IDH1 and IDH2 catalyze an essential step in the Krebs cycle that converts isocitrate to α-KG. Mutant IDH not only loses their normal activity in catalyzing NADP+-dependent oxidative decarboxylation of isocitrate into α-KG, but also gains a new function: catalyzing the α-KG to 2-HG (2-4). 2-HG is found elevated in the serum of patients with gliomas and AML harboring IDH mutations, suggesting that 2-HG could be a biomarker for IDH-mutated glioma and AML [3, 5].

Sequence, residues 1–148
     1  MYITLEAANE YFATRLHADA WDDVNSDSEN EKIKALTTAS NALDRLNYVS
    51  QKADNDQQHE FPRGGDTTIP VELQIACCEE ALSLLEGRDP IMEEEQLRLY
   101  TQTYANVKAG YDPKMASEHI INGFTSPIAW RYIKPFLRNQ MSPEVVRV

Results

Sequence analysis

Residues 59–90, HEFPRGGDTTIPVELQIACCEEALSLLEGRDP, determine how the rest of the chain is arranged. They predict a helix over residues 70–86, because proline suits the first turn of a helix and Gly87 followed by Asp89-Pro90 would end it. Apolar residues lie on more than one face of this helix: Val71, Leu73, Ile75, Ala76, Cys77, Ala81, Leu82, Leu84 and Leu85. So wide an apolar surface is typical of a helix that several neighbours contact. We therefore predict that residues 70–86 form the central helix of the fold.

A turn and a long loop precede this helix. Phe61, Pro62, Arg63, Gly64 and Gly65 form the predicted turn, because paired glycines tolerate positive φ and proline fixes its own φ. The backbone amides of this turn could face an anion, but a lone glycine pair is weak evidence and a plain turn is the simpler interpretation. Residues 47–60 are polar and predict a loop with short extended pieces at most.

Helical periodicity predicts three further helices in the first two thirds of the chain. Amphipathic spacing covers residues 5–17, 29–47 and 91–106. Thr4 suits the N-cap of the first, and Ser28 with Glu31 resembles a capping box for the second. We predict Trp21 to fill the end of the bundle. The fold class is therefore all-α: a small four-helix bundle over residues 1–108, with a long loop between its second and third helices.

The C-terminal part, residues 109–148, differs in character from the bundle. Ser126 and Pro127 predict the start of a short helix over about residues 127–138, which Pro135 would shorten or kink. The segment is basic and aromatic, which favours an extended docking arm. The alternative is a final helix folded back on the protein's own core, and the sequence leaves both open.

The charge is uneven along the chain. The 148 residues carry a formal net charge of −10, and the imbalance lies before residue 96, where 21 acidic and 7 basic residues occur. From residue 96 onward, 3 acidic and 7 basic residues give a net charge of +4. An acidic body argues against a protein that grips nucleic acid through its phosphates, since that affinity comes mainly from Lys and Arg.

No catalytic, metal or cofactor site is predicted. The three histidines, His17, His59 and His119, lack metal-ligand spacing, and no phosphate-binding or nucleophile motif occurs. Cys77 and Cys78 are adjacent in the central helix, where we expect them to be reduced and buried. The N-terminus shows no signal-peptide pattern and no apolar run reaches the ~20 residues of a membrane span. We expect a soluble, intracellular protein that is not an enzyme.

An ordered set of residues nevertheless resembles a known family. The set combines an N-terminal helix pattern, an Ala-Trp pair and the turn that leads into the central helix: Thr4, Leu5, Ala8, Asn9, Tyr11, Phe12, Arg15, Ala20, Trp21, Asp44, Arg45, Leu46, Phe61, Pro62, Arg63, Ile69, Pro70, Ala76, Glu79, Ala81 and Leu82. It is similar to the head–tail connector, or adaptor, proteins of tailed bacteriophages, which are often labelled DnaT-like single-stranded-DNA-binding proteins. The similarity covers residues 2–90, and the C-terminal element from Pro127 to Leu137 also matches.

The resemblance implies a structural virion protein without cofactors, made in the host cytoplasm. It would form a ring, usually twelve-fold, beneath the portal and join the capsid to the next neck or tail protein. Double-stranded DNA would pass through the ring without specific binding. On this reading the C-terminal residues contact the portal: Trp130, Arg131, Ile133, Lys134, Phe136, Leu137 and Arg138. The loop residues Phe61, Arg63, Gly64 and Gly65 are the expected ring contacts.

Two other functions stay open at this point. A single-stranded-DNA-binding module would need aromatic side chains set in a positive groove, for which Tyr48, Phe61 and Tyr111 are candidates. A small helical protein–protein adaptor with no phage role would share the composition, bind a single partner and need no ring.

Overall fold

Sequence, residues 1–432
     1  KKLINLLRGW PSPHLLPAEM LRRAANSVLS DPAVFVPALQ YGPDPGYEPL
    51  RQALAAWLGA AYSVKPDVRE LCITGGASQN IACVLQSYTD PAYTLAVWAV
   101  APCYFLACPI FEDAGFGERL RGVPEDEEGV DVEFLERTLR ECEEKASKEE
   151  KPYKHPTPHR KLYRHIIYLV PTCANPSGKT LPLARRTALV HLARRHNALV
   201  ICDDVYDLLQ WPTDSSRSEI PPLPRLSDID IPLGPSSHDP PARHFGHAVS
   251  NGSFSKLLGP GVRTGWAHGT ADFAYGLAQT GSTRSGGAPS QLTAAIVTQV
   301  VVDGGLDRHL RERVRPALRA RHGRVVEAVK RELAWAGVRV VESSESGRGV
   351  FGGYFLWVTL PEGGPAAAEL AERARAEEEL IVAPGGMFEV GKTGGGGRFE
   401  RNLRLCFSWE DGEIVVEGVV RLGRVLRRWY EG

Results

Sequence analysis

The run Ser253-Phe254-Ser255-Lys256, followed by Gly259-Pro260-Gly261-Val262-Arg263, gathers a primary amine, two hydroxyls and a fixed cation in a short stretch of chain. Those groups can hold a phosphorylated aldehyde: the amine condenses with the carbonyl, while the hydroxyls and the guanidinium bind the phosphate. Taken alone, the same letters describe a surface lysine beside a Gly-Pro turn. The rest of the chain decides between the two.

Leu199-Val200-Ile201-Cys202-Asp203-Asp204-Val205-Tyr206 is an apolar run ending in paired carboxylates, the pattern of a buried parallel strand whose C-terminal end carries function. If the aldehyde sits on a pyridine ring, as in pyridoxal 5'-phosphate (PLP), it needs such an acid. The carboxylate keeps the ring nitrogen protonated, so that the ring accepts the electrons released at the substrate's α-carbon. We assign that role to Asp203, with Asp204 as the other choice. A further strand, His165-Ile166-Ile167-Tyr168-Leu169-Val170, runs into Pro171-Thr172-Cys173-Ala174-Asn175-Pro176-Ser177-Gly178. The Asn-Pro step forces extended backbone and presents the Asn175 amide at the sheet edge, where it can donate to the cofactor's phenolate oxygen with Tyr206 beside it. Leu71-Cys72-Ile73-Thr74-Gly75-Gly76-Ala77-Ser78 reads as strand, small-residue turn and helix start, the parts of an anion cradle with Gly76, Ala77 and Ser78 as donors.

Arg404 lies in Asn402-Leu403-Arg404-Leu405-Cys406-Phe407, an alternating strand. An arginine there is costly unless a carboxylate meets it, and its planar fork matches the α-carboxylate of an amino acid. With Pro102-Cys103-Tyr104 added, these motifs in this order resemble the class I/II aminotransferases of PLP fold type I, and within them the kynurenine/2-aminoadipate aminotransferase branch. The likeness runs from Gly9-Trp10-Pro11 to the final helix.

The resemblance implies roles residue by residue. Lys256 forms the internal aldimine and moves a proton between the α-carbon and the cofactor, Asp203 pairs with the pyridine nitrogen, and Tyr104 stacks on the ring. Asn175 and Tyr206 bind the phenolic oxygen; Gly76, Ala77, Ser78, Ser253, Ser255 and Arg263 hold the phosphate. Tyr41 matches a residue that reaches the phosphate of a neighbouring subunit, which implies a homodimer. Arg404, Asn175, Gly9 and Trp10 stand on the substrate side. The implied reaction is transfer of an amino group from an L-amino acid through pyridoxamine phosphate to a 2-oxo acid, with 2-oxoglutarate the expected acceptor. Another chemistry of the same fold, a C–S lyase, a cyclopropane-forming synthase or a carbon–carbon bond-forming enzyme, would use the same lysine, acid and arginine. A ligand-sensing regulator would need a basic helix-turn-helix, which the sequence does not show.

Although many investigators performed mutational analysis of large AML cohorts, limited number of studies previously assessed the prevalence of IDH1 and IDH2 mutations in Ph-negative MPNs [1, 10, 11, 15, 24]. IDH mutations have also been identified in AML patients transformed from MPNs [10, 15, 16]. In one of these studies, mutant IDH was detected in five of 16 post-MPN AML patients (31%) whereas no mutations were detected in 180 patients with chronic-phase PV and ET [16]. Abdel-Wahab et al identified IDH1 mutations in 9.5% of post-MPN AML patients [10]. In another study, 166 patients with chronic-phase MPN (77 PMF, two post-PV myelofibrosis, two post-ET myelofibrosis, 47 ET, and 38 PV) and 34 blast-phase MPN were screened for IDH1 and IDH2 mutations [15]. Nine IDH mutations including five IDH1 (four R132C and one R132S) and four IDH2 (three R140Q and one R140W) were observed. The frequencies of IDH mutations for blast-phase MPN and PMF were 21% and 4%, respectively. IDH mutations were not detected in ET or PV. The results of the aferomentioned study implied that IDH mutations are relatively frequent in blast-phase MPN and rare in chronic-phase MPN. Also, among Ph-negative MPNs, these mutations were observed to be limited to PMF [15]. In a review by Shih et al, the mutational frequencies of IDH1 and IDH2 mutations were 2.5-5% for MPN patients [31]. In the same report, IDH mutations were described in 1-2% of PV, 1-2% of ET and 2-5% of PMF patients [31]. Brecqueville et al found two IDH2 mutations in 14 blast-phase MPN patients but no IDH mutations in 135 chronic-phase MPN patients [32]. In a study by Pardanani et al, a total of nine IDH mutations in 78 chronic-phase MPN patients (12%) were reported including four in 25 PMF (16%), four in 39 PV (10%) and one in 14 ET patients (7%) [33]. In another study, IDH mutations were not detected in 62 chronic-phase MPN patients (52 ET, five PMF and five PV) [34]. The largest study that investigated the frequency of IDH1 and IDH2 mutations in Ph-negative MPN patients included 594 ET, 421 PV, 312 PMF, 95 post-PV/ET myelofibrosis and 51 blast-phase MPN patients [11]. A total of 38 IDH mutations (19 IDH2 R140, 18 IDH1 R132 and one IDH2-R172) were described: five ET (0.8%), eight PV (1.9%), 13 PMF (4.2%), one post-PV/ET myelofibrosis (1%) and 11 blast-phase MPN (21.6%) [11]. Consequently, in that study, mutant IDH was documented to be more frequent in blast-phase MPN than chronic-phase MPNs [11]. Two other studies also investigated IDH mutations in a large cohort of PMF patients [1, 24]. In one study, the frequency of IDH mutations in PMF patients was 4% (12 in 301) and in the other study, the prevalences of IDH1 and IDH2 mutations in PMF patients from Mayo Clinic were 3% and 2%, respectively [1, 24]. In the latter study, the prevalence of IDH1/IDH2 mutations in PMF patients from the European cohort was 2.6% [24]. In summary, several studies have examined the prevalence of IDH mutations in chronic-phase MPNs [1, 11, 15, 16, 24, 32-34]. The aforementioned limited number of studies reported variable prevalences for IDH mutations in Ph-negative MPNs. There are no previous studies that assessed IDH mutations in Ph-negative MPNs in Turkey. In this study, we genotyped a cohort of 184 Turkish Ph-negative MPNs (107 patients with ET and 77 with PMF) for mutations of IDH1 and IDH2 at Molecular Hematology Laboratory of Istanbul University. The mean ages of ET (54.2% females) and PMF (55.8% females) were 56.3 years (SD 14.5) and 60.8 years (SD 14.5), respectively. Of 77 PMF patients, five (6.5%) had IDH mutations, compared to two of 107 ET patients (1.9%); however, this difference was not statistically significant.